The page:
Victoria's State Library has reopened its doors following a five-year, $88 million redevelopment.
The 163-year-old landmark opens on Thursday with 40 per cent more public space, 70 per cent more seating and restored heritage spaces including its original reading room, Queen's Hall.
The redevelopment was funded by more than $60 million from the Victorian government and the remainder raised through philanthropic and public contributions.
"This is a momentous day for State Library Victoria," President of the Library Board of Victoria John Wylie said in a statement, adding the redevelopment combines the "absolute best of the old and the new".
"Everyone is welcome to come and use and enjoy our Library. It's one of the most popular in the world for good reason. And it's just gotten even better."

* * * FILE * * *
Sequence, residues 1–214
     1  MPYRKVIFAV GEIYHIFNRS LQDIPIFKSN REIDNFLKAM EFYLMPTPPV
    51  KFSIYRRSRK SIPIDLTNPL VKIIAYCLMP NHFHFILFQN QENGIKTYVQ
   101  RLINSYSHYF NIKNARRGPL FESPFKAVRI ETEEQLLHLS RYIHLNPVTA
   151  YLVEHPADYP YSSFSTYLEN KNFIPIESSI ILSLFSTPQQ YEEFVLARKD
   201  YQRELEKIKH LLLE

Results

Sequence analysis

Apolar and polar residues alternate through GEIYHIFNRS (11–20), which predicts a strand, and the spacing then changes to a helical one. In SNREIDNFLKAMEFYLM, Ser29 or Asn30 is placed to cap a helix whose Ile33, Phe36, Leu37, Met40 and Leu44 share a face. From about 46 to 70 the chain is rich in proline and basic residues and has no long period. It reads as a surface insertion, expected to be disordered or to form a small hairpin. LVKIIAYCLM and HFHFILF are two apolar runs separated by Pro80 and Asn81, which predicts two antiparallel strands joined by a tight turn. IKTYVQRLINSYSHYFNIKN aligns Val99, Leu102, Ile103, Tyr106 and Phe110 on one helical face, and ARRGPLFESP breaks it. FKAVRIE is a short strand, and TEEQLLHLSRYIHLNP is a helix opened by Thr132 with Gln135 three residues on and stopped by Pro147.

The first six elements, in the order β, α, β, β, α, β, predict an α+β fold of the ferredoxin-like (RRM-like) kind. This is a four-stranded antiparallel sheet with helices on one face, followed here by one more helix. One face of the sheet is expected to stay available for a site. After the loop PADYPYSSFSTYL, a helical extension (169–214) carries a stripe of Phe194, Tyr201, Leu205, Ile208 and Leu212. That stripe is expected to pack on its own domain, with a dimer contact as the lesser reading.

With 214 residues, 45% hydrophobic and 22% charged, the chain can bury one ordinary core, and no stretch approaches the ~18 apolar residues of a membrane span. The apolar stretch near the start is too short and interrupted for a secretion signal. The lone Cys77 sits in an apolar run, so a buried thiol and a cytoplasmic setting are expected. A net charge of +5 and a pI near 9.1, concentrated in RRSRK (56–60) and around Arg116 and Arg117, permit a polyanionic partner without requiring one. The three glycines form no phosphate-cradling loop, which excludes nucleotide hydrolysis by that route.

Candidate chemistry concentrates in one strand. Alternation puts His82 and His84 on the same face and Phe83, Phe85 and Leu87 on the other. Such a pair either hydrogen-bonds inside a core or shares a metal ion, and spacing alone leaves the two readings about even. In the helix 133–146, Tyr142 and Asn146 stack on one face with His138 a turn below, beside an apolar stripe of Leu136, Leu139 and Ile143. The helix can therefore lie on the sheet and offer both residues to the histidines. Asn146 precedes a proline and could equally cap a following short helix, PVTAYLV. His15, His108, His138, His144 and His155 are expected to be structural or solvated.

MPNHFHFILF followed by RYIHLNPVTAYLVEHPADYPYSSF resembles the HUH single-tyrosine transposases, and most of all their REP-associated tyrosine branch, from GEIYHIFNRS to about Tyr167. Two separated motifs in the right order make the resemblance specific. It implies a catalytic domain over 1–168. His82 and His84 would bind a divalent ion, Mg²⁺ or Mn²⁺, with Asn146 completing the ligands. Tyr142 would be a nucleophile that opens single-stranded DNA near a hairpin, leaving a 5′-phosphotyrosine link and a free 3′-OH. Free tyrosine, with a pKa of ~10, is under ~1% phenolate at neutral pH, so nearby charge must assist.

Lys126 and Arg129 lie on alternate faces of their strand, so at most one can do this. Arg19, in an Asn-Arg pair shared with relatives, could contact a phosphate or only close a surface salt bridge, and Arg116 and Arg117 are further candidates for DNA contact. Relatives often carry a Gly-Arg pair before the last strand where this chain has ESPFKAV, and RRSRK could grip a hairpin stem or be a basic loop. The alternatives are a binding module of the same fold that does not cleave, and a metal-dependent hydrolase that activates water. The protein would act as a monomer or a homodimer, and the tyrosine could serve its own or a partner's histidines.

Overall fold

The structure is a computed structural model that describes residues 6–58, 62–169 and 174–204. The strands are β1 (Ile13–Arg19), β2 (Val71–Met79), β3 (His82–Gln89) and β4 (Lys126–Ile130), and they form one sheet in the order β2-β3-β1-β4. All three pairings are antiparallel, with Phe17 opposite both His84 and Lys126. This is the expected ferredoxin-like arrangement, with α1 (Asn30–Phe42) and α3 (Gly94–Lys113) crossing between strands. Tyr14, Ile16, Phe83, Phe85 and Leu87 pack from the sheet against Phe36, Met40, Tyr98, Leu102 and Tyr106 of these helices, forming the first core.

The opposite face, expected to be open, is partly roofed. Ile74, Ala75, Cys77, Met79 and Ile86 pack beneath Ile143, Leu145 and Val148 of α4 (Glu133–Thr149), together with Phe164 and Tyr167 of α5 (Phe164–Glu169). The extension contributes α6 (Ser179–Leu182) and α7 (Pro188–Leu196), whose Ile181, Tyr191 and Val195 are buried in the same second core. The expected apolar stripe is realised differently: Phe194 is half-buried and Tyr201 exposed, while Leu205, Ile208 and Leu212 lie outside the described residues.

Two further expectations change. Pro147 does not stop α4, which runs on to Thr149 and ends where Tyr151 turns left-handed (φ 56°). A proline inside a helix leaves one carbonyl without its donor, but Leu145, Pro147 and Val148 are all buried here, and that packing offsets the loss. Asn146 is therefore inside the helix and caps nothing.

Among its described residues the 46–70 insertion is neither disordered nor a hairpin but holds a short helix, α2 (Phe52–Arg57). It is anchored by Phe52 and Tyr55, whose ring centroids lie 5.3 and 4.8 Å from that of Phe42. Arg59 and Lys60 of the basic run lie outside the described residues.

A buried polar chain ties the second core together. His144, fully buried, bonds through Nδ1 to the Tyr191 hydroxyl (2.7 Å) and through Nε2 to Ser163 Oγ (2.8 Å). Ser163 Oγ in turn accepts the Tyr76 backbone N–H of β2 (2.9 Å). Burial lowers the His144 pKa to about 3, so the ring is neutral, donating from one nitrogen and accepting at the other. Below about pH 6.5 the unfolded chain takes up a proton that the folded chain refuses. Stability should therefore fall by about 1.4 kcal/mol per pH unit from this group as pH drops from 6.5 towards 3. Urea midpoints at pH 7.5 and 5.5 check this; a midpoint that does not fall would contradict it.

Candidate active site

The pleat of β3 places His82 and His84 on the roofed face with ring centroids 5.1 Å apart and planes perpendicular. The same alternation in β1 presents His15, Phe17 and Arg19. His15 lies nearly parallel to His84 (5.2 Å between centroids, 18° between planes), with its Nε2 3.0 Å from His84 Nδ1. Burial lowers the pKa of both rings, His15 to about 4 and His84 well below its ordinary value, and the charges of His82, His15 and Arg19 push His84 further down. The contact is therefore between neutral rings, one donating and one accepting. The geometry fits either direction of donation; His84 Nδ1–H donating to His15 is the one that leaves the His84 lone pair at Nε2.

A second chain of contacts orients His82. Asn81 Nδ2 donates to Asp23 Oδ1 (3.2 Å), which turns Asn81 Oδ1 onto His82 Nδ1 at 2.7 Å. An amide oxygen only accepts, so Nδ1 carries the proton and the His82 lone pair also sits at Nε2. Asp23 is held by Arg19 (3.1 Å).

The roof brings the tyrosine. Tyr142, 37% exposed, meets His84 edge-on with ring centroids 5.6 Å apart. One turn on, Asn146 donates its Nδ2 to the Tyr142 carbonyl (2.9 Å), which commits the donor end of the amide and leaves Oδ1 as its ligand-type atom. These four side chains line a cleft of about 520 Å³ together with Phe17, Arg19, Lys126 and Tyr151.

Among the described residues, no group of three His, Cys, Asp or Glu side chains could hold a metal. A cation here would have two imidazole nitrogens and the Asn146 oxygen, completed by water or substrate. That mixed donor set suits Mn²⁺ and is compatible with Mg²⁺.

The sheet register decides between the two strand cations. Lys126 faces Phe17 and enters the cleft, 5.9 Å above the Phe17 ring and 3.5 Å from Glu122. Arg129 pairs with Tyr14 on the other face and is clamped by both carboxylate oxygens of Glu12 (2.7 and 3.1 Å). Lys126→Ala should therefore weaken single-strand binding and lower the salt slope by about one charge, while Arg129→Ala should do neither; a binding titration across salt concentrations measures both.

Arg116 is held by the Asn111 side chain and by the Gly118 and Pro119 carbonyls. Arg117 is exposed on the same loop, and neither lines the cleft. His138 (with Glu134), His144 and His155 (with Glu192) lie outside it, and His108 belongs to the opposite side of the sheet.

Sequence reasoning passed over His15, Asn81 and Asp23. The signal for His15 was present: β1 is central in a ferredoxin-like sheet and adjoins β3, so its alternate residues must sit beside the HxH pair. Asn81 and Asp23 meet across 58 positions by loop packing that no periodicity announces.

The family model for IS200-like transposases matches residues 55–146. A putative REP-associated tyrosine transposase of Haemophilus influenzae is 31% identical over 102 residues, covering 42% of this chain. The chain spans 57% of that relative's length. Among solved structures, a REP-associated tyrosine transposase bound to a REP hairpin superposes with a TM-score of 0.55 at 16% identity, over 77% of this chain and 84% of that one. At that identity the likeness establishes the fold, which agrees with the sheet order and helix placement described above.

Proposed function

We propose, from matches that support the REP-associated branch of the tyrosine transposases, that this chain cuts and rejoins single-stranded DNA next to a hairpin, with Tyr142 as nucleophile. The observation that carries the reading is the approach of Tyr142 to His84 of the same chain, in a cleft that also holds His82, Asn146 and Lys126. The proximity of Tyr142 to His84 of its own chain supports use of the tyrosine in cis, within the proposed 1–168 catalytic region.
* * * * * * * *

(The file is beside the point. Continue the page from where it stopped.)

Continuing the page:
Creative Industries Minister Martin Foley said the library is one of the most-visited in the world, welcoming two million people a year.
"This once-in-a-generation transformation builds on our library's 163-year legacy, providing free access to world-class resources, fantastic new spaces and creative technologies. It sets a new benchmark for libraries everywhere," he said.